Alice Ilchman; College President, Federal Official

By Joe Holley
Washington Post Staff Write
Friday, August 18, 2006

Dr. Alice Stone Ilchman, 71, a former president of Sarah Lawrence College and an assistant secretary of state for educational and cultural affairs during the Carter administration, died Aug. 11 at her home in Bronxville, N.Y. The cause was complications of pancreatic cancer, a spokeswoman for the college said.

At the time of her death, Dr. Ilchman was director of the Jeannette K. Watson Fellowship of the Thomas J. Watson Foundation.

She was the eighth and longest-serving president in Sarah Lawrence's history, a position she held from 1981 to 1998. As assistant secretary of state from 1979 to 1980, she managed a number of exchange programs, including the Fulbright Fellowship.

She was born in Cincinnati and grew up in the District, where her father served in the Roosevelt and Truman administrations from 1933 to 1948. Her son recalled that she won awards in elementary school as a champion "paper trooper," recycling paper for the war effort. She graduated from Woodrow Wilson High School in 1953.

At Mount Holyoke College, where she was a religion major, she once answered the question of whether Reinhold Niebuhr was an existentialist by collecting dimes from her classmates and calling the famed theologian at his Union Theological Seminary office. She received her undergraduate degree in 1957.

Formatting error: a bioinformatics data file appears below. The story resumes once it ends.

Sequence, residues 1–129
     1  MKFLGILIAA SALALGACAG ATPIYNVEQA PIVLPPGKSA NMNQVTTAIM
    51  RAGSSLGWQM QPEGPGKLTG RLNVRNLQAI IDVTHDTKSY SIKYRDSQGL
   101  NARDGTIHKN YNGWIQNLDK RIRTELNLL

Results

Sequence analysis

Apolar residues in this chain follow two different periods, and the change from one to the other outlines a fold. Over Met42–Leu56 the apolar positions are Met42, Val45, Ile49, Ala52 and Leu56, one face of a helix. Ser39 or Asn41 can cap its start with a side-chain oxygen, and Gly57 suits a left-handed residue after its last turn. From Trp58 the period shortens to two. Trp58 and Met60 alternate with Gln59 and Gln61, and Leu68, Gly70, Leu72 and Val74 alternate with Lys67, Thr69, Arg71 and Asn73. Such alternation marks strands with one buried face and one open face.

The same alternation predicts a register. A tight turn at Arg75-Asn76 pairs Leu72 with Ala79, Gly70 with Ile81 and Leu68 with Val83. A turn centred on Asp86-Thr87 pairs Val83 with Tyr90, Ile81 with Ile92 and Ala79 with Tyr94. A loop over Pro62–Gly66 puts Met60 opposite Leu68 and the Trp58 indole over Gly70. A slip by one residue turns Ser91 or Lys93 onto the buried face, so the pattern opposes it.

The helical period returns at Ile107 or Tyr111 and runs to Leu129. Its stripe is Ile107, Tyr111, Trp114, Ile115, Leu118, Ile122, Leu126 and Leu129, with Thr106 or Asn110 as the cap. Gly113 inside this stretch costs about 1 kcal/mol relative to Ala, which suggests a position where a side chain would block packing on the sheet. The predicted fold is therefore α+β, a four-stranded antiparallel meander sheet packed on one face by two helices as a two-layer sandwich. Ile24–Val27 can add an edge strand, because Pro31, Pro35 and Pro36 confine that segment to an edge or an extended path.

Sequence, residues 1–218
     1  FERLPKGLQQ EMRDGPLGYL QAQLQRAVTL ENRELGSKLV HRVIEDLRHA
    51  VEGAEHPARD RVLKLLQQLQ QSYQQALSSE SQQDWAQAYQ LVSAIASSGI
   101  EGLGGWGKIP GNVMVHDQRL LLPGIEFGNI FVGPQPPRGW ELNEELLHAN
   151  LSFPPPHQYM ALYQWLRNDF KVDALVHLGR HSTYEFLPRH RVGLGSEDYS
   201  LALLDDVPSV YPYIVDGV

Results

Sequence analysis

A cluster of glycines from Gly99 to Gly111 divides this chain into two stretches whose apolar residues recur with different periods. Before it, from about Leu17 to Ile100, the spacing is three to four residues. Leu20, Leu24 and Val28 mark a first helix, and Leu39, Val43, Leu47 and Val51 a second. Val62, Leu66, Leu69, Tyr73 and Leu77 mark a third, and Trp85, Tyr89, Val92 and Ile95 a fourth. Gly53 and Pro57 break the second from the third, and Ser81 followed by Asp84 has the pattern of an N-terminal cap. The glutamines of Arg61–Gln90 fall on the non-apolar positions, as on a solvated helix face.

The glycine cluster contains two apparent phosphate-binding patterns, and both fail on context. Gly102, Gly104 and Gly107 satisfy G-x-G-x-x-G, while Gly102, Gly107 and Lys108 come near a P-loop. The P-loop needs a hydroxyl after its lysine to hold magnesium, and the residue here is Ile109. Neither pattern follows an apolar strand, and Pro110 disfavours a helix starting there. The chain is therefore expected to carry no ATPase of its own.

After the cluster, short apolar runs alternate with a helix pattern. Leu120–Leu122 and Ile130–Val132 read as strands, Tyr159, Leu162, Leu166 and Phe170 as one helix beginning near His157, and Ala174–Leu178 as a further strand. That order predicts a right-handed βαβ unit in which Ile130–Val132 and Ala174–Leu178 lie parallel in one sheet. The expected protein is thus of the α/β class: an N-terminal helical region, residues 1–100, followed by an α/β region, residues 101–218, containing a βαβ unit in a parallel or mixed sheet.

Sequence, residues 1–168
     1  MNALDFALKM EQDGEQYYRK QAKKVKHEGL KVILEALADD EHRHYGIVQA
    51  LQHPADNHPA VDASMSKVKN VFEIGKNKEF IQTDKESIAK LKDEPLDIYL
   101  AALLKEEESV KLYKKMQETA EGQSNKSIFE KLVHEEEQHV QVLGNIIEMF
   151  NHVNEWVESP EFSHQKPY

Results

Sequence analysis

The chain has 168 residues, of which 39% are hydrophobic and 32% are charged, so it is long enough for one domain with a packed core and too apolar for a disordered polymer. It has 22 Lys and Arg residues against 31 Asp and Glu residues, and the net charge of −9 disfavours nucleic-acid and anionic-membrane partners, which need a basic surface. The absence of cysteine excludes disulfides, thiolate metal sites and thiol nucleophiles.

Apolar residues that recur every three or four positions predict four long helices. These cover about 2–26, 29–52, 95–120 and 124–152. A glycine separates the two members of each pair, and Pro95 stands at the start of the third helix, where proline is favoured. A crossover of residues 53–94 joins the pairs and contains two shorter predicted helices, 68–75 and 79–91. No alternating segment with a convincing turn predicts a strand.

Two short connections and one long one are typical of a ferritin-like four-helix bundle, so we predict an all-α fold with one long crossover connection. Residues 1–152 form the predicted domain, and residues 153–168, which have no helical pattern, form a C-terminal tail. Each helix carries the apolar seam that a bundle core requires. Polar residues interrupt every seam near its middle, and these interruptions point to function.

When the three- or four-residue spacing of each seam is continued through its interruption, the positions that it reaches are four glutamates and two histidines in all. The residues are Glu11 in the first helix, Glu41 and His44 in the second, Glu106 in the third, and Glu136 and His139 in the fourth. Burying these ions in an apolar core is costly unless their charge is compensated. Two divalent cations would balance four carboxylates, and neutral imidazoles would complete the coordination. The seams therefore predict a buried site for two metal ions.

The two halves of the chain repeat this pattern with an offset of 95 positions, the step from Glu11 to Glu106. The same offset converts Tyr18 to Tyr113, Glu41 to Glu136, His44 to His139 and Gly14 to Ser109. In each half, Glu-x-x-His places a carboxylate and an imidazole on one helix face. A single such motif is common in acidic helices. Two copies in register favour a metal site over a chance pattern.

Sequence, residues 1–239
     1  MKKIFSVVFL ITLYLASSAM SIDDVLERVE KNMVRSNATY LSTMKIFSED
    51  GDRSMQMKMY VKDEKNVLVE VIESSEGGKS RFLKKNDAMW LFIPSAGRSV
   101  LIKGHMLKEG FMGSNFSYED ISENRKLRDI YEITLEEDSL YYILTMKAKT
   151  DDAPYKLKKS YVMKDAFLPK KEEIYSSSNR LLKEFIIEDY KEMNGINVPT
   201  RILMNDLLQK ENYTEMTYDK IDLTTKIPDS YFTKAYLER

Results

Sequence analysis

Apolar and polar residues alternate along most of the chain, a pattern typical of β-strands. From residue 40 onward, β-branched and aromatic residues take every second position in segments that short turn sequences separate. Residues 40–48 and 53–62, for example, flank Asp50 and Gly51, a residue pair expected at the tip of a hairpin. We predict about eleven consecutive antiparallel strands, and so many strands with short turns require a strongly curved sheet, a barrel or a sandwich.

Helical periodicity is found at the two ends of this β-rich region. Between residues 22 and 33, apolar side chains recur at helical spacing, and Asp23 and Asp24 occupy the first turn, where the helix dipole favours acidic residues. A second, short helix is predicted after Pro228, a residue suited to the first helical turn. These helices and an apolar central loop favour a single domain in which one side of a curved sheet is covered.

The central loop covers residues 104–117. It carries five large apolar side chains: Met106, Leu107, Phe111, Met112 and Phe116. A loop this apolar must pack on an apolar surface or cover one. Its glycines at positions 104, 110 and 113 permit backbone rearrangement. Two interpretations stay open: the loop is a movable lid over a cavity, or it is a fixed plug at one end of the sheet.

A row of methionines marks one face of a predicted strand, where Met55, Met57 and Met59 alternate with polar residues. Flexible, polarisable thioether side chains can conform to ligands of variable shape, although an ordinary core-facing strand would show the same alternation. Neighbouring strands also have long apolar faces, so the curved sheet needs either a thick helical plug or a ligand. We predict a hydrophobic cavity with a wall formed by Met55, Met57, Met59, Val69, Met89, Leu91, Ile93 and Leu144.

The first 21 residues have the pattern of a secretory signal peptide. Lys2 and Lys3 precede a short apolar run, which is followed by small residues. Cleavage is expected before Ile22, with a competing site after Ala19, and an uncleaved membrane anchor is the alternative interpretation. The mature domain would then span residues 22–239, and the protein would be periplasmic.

She received a master's degree in public administration from Syracuse University in 1958 and a doctorate from the London School of Economics in 1965. At the University of California at Berkeley, she directed three Peace Corps training projects for India and co-taught the school's first interdisciplinary South Asian studies course. She also served as dean and professor of economics at Wellesley College before joining the Carter administration.

Long interested in women's education, she chaired the National Research Council's Committee on Women's Employment and Related Social Issues and co-authored, with Sylvia Hewlett, the 1986 book "Family and Work: Bridging the Gap." At Sarah Lawrence, she fought to sustain the college's commitment to liberal arts education. The school's endowment increased tenfold during her tenure.

"She was of a generation that made it possible for later, younger women to have it a lot easier in professional life," said Michael Beschloss, a historian and longtime friend. Beschloss noted that Dr. Ilchman remained dedicated to public service her whole life, despite numerous opportunities in other areas.

Survivors include her husband of 46 years, Warren F. Ilchman of Bronxville; two children, Frederick Ilchman of Boston and Sarah Hollinger of New York City; two sisters; and a brother.

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